The Dundalk Eagle : 2020-06-25

POLICE BEAT : 18 : 18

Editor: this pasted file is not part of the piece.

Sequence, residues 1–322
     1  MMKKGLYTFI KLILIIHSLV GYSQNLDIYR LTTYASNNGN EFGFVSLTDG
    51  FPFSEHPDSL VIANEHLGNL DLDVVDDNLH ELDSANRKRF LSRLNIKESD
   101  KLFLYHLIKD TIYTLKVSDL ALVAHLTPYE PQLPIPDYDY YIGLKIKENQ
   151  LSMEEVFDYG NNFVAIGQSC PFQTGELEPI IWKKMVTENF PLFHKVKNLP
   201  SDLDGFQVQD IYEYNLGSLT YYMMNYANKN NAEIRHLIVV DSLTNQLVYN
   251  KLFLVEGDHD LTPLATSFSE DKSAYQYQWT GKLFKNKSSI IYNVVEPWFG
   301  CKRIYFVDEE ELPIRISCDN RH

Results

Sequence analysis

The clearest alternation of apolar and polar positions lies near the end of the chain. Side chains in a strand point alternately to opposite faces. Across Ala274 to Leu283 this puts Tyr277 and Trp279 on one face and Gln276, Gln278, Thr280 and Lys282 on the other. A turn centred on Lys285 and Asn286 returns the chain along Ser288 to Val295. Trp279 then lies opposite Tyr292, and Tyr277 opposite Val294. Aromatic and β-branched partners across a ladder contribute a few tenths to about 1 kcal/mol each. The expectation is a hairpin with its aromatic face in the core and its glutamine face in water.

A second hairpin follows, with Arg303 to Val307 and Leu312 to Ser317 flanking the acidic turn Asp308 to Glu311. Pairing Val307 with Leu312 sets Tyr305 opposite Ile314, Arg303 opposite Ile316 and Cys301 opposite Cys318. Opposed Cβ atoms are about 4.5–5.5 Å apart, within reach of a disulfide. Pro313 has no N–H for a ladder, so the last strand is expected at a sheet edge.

Page 18 The Dundalk Eagle June 25, 2020 County reveals top industries for job seekers during ‘Who’s Hiring Now’ webinar Taylor said she also recommends people to have questions prepared for her and her colleges at Express Employment Profession­als. “We will ask you questions too and we love to see that interactio­n so that we can speak on your behalf when you are not there about your enthusiasm, some questions that you gave us that were very enlightene­d -we like to pass that on to our clients as well.” Prior to the webinar ending, the panel also talked about how people who have been previously incarcerat­ed or have a disability can use certain resources to reenter the work force. “I recommend people to connect with our American Job centers,” Fish said. “We have reentry navigators who are individual­s who work with job seekers who are nearing release from incarcerat­ion or released from incarcerat­ion and inform businesses about the benefits of hiring these individual­s. Our American Job Centers also partners with the Division of Rehabilita­tion Services (DORS), and like the reentry navigators, we have DORS counselors who work with job seekers who have disabiliti­es that are barriers to employment and help them overcome them.” McPhaull added that the Baltimore County Department of Economic and Workforce Developmen­t also has representa­tives to help veterans find jobs and that people can connect with these representa­tives by calling 410-887-8000 or by emailing talentwork­s@baltimorec­ To watch the full webinar recording, go to the Baltimore County Department of Workforce Developmen­t’s website at www.baltimorec­ economicde­v/covid19-assistance/webinarser­ies. To get connected with a representa­tive to help you find a job, go to www.baltimorec­­v/job-seekers. the first three weeks of the pandemic in Maryland we have seen just as many people file for unemployme­nt as the entirety of the great recession,” Olszewski said. “So, in Baltimore County we are stepping up and trying to meet the need wherever it exists—whether it’s with over 2 million individual meals distribute­d, or having Will and his team supporting business get back on their feet and help residents access things like unemployme­nt benefits and getting reconnecte­d with work.” Anderson then spoke to viewers and said, as of June 8th, when the meeting was held, that over 100,000 people in the county filed for unemployme­nt. “That’s 10.8%, a crazy number,” Anderson said. Although this percentage may seem, “crazy”, Anderson said things are looking like they are taking a turn for the better. “There may be a light at the end tunnel because the first time since the pandemic outbreak, the US reported its first decline in the number of unemployed people in the country,” Anderson said. Panel members then began to provide their expertise and insight on what local companies are hiring and what positions they are wanting to fill. “We have definitely seen a slowdown in the layoffs and I hope we are near the end of that. We are keeping a close eye on the market to see what industries will emerge as the hottest ones on the other side of this,” Fish said. The industries that Fish said are thriving right now are constructi­on, manufactur­ing, health care, warehousin­g logistic transporta­tion, and IT. All of these industries have apprentice­ship positions for people to learn a new skill and get a new job. Fish said these apprentice­ship positions allow people to be full-time employees without having a specific background or experience in the field. People just need to have their High School diploma and be 18 years old or older. People are then paired up with a trainer and can have the employer pay for additional schooling that may be required for the job. “It’s a great way to get a college credential or certificat­ion debt-free while having a job.” More info on these apprentice­ships can be found on the state’s labor website or at Baltimorec­ountybusin­,” Fish said. McPhaull spoke next and listed off a few business who are hiring. “Some of the businesses we are partnering with now that we know are hiring for a number of different positions is Potomac Photonics which is located in Catonsvill­e. They are a digital and microfabri­cation manufactur­ing company. Another company that is hiring now for a bunch of different positions is Gray and Son which is a Constructi­on Company and Site Developmen­t Contractor based in Timonium,” McPhaull said. At the time of the panel meeting, there were more than 17 jobs open at Gray and Son. McPhaul said anyone who needs support in job searching, resume developmen­t or tuning up interviewi­ng skills can have a one-on-one consultati­on with a Baltimore County career consultant who can be reached by calling 410-887-8000 or by emailing talentwork­s@baltimorec­ Ayers spoke next about what kinds of positions GBMC has open and how the medical field has been effected by the pandemic. “Typically when the economy contracts heath care stays stable but COVID kind of threw a monkey wrench into things. All health care organizati­ons across the area have really seen a dip in services as their patients have stayed home to stay safe,” Ayers said. “But, know with things reopening, especially with elected surgeries, the volume is picking back up. We are a service-focused industry so we need those people to be on the ground to provide those services. So, as our volume increases, so does the volume of recruiting that we need to do. We are always hiring for the clinical folks, the nurses and medical assistants but also our entry-level roles like our housekeepi­ng, food, and nutrition folks. Those people are heroes and we can’t care for our patients and provide for our community without those folks.” Ayers said GBMC still has a no visitor policy and that right now the only people in the building are patients or employees. “So what that means for the hiring process is that all interviews are virtual. But the decisions still have to be made, we still have to hire and vet folks according to what their experience­s look like,” Ayers said. Ayers recommends people practice using platforms like Zoom or Skype with family members before having a virtual interview with any potential employers. Manuud was next to speak where she went into detail about what jobs McCormick has open and how the corporatio­n has been effected by the pandemic. “COVID has impacted us in two different ways. If we talk about restaurant­s and offline food chains they have seen a dip. However, on the other side, packaged food has seen an upsurge. People started cooking at home so they are buying more or our products,” Manuud said. “Chips and pretzels had a 186% growth-and we supply the flavor for those chips. So, our company has been doing well on that side. There has been an increase in demand for our products which means an increase in talent needs. A lot of our jobs are posted right now and we are hiring and are plants remain open and actually we have increased the number of lines across all of our sites.” In the Baltimore area, Manuud said McCormick has about 40 positions available for finance, supply chain, HR, and other profession­al roles. “There are also a lot of positions open at our plants and distributi­on centers. There are 150 positions open at the Hunt Valley plant alone and there will be about 300 positions open across the state of Maryland in the next two months specifical­ly at the plants and distributi­on centers. Those positions would be production technician­s, maintenanc­e, distributi­on and warehouse technician­s,” Manuud said. Taylor was up next and spoke about the various organizati­ons that have reached out to her who are hiring. “I have engineerin­g firms in Baltimore City on a smaller scale reach out to me for administra­tive officers. Double Envelope has reached out to me for manufactur­ing, forklift operators, warehouse operators,” Taylor said. Double Envelope, according to Taylor, is looking for people who are able to be flexible when it comes to what roles they play as an employee. “They may need you do be a forklift operator but they may need you to help out in some of the other department­s,” Taylor said. “There are a lot of positions out there. I know that we are all struggling and we are all facing a lot of difficulti­es right now, but just be open. I’ve had positions since the beginning of COVID-19 and many of them have gone unfilled.” Taylor also had a few suggestion­s for people to follow to ensure their interviews with employers are successful in getting them a job. “We try to call people between 8 a.m. to 5 p.m., however, we do call people after hours and people may not answer the phone in the best way, so that will screen you out in our process,” Taylor said. “We do have a process people have to go through to work with us and if that first interactio­n with you id a little off-putting, then you may not move forward in the process.” By KAITLIN KULICH an effort to help people who have lost their jobs during the COVID-19 pandemic, or who simply want to enter into a new field of work, the Baltimore County workforce developmen­t team held a “Who’s Hiring Now” webinar. The webinar was the third session in the “Baltimore County Business Forum— COVID-19 and Beyond” webinar series. Baltimore County Director of Economic and Workforce Developmen­t (DEWD) Director, Will Anderson, moderated this 60-minute session, which offered job seekers informatio­n on current job openings and guidance on how to stand out in online applicatio­ns and remote job inter views. Members of the panel that joined Anderson was Matt Ayers, RN, PHR, Director of Talent Acquisitio­n at GBMC Healthcare, Roseanne Fish, Regional Business Solutions Consultant at Maryland Department of Labor, Edna Manuud, Americas Talent Acquisitio­n Director at McCormick & Company, Leighton McPhaull, Talent Management Coordinato­r at Baltimore County Department of Economic and Workforce Developmen­t, and Kenya Taylor, Owner of Express Employment Profession­als. The webinar began with County Executive Johnny Olszewski who addressed the webinar viewers and said that he understand­s that the pandemic has been both a health crisis and an economic crisis. “I want people to know that in Baltimore County we know that COVID-19 has been devastatin­g as a health perspectiv­e as well as an economic developmen­t perspectiv­e. We’ve had over 6,000 people suffer from the virus, we had, unfortunat­ely over 300 people succumb to it. We also know that there have been some deep economic challenges associated with it and we recognize that in just COUNTY—In BALTIMORE PAID ADVERTISEM­ENT Prepare for unexpected power outages with a Generac home standby generator Baseball Card Outlet & Sports Memorabili­a HOW HAVE YOUR PLANS CHANGED? !!!HUGE SELECTION Help us better understand .... Please help us by taking this online survey to determine what news you are seeking, what's most important now, what we can do better, and what your current shopping plans are. 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